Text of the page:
The same holds true for brokenness. You can either fight it or relax and be transformed by the experience. So many broken relationships end up in bitterness, with each party spreading malicious gossip about the other.
Lack of forgiveness will eat away at you, turning you into a toxic person, so do whatever you need to do to release those bad thoughts and feelings. Brokenness not only is humbling regarding human frailty; it also exposes people’s authentic selves. The way you handle these situations will show the real you.
If you have experienced brokenness in your life, how did you “show up?” Are you okay with your responses?
When you allow people in, that, in turn, allows others to support you in your time of need. The human spirit requires community, so withdrawing is not the answer to healing and transformation. Yes, you will still want your own space, but not to the exclusion of community.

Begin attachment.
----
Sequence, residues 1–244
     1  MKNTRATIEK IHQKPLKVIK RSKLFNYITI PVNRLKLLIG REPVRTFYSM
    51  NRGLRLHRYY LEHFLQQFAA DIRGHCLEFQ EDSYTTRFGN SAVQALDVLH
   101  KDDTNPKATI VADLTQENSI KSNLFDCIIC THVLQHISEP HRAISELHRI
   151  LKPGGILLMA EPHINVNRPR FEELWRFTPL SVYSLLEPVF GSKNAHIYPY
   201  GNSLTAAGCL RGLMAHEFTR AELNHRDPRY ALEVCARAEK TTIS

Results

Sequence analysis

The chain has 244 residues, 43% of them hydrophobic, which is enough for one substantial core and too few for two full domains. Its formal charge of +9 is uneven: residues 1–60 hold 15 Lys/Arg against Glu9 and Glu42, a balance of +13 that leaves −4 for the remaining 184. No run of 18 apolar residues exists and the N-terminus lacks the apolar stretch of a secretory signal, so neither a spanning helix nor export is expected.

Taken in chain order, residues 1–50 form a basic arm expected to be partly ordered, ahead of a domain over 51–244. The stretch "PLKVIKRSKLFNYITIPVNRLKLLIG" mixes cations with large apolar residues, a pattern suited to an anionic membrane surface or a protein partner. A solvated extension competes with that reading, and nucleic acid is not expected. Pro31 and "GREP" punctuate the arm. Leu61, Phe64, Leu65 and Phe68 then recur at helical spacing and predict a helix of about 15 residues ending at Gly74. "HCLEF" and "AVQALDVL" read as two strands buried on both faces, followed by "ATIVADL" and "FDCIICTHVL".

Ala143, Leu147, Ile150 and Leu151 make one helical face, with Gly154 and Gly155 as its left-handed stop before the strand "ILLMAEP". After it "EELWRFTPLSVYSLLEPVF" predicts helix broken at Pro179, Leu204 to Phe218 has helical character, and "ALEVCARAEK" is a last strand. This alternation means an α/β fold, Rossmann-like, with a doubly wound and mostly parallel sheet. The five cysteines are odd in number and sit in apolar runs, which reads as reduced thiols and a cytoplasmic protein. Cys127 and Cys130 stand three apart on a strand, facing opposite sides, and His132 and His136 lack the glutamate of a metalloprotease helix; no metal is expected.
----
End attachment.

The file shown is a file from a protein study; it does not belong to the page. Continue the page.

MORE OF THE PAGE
At my time of need, I appreciated my friends and the way they supported me—I was not only thankful, but also amazed at their loyalty and love.
Even though it feels like the pain will never end, it will. It will take longer for some people than for others, but this, too, shall pass. I agree with the following insight from the late Wayne Dyer (author, speaker, and philosopher): “Who says it must take a long time to heal from brokenness? That’s a myth.”
If someone you know is experiencing brokenness, please share this article.
Take the following steps to transform the experience for yourself and for others. Your positive progress is only one decision away!
This Week’s Action Steps
The Transforming Power of Brokenness
1. Think about a life-altering experience that took you to a place of brokenness. How did you respond? If this has not happened to you yet, please read on!
2. Don’t wallow in self-pity; it will always leave you stuck. Remember, no matter how deep the brokenness, the good news is that the only way out is up. It may not feel like it now, but brokenness—no matter how deep—will pass, if you choose that path to move forward.